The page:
New Documents

The Central Bank of Kenya and several other government offices issued a public notice regarding the growing use of fraudulent and unlicensed financial schemes seeking to take advantage of Kenyans during the COVID-19 pandemic, as well as money laundering and terrorist financing concerns.

The Basel Institute on Governance announced the successful prosecution by Kenya’s Office of the Director of Public Prosecutions of John Waluke, a member of Kenya’s Parliament, and Grace Wakhungu for their roles in a $3 million fraud and corruption scheme.

Enforcement Actions

The Central Bank of Kenya issued an enforcement action against Absa Bank Kenya PLC for failing to apply certain anti-money laundering compliance control standards on foreign exchange trades conducted in March 2020.

Important Facts

  • The U.S. State Department classifies Kenya as a major money laundering country. Kenya remains vulnerable to money laundering, financial fraud, and terrorism financing, with money laundering occurring in both the formal and informal sectors. The State Department highlights that the illicit proceeds are derived from domestic and foreign criminal operations. Criminal activities include transnational organized crime, cybercrime, corruption, smuggling, trade invoice manipulation, illicit trade in drugs and counterfeit goods, trade in illegal timber and charcoal, and wildlife trafficking. Kenya is a transit point for regional and international drug traffickers and trade-based money laundering is a problem. Kenya’s proximity to Somalia makes it an attractive location for laundering piracy-related proceeds, and a black market exists for smuggled and grey market goods. The jurisdiction is the financial hub of East Africa and its place at the forefront of mobile banking also make Kenya vulnerable to money laundering. In 2018, the Central Bank of Kenya fined five commercial banks approximately $3.85 million for anti-money laundering deficiencies. The country's financial intelligence unit is not a member of the Egmont Group, and despite progress, Kenya still needs to improve its anti-money laundering and counterterrorist financing regime, as well as strengthen its anti-corruption measures.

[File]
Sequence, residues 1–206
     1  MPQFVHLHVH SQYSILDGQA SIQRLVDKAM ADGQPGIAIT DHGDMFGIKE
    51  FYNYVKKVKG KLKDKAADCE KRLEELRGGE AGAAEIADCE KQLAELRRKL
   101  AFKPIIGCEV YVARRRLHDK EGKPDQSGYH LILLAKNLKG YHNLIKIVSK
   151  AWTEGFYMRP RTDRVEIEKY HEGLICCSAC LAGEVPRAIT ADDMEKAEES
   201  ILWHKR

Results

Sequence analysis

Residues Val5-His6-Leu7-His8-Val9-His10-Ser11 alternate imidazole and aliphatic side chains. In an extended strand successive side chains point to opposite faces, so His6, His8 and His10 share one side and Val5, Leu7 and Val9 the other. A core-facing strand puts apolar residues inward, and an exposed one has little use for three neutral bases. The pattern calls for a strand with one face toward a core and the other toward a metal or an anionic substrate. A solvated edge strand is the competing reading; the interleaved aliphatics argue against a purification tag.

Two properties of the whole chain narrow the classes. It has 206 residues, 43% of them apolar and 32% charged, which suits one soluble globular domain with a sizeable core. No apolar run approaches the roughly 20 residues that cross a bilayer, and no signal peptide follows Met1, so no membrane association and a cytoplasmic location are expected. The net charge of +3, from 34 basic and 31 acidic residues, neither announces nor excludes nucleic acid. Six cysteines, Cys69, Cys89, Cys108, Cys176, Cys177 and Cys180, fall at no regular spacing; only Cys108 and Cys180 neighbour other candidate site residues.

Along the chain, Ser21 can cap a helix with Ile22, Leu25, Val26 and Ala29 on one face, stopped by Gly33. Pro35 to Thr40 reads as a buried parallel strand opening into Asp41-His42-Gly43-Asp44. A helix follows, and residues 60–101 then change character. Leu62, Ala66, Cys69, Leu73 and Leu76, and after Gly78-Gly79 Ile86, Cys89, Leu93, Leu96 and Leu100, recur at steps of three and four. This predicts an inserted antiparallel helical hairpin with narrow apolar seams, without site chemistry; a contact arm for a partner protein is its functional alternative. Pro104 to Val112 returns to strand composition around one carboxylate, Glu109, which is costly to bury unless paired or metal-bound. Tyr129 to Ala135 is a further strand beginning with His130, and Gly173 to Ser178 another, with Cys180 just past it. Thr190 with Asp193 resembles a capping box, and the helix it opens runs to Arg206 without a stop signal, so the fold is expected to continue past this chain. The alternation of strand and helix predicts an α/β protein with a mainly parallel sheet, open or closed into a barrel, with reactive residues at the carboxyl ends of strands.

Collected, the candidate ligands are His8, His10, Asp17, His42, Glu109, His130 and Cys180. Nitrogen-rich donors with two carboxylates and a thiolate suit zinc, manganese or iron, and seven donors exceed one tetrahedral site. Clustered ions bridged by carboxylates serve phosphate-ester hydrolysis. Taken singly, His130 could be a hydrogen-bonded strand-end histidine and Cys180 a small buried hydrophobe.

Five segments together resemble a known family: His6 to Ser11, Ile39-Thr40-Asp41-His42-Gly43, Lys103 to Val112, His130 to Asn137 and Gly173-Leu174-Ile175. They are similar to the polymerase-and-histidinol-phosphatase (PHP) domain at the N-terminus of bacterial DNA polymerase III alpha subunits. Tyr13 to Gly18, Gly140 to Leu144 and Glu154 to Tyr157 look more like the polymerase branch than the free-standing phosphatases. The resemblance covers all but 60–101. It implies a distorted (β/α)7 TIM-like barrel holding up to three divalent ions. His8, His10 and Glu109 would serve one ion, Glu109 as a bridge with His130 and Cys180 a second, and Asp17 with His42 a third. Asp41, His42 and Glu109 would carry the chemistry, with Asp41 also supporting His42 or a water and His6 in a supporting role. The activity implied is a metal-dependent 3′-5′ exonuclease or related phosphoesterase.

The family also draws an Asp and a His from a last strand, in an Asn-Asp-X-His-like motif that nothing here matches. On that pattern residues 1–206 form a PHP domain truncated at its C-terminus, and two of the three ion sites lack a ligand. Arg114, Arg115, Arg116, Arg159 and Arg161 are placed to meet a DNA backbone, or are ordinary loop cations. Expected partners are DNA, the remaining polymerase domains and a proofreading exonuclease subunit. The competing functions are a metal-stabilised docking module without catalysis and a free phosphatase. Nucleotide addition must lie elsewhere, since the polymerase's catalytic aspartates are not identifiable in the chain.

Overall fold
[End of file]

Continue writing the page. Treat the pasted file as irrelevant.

-Source: 2020 International Narcotics Control Strategy Report (INCSR)



Technical Effectiveness
Compliant : 1 High :
Largely Compliant : 1 Substantial :
Partially Compliant : 15 Moderate :
Non-Compliant : 32 Low :


Rank : 9/141
Score : 7.18/10


Rank : 137/180
Score : 28/100

Tax Justice Network i

Rank : 24/133
Score : 76/100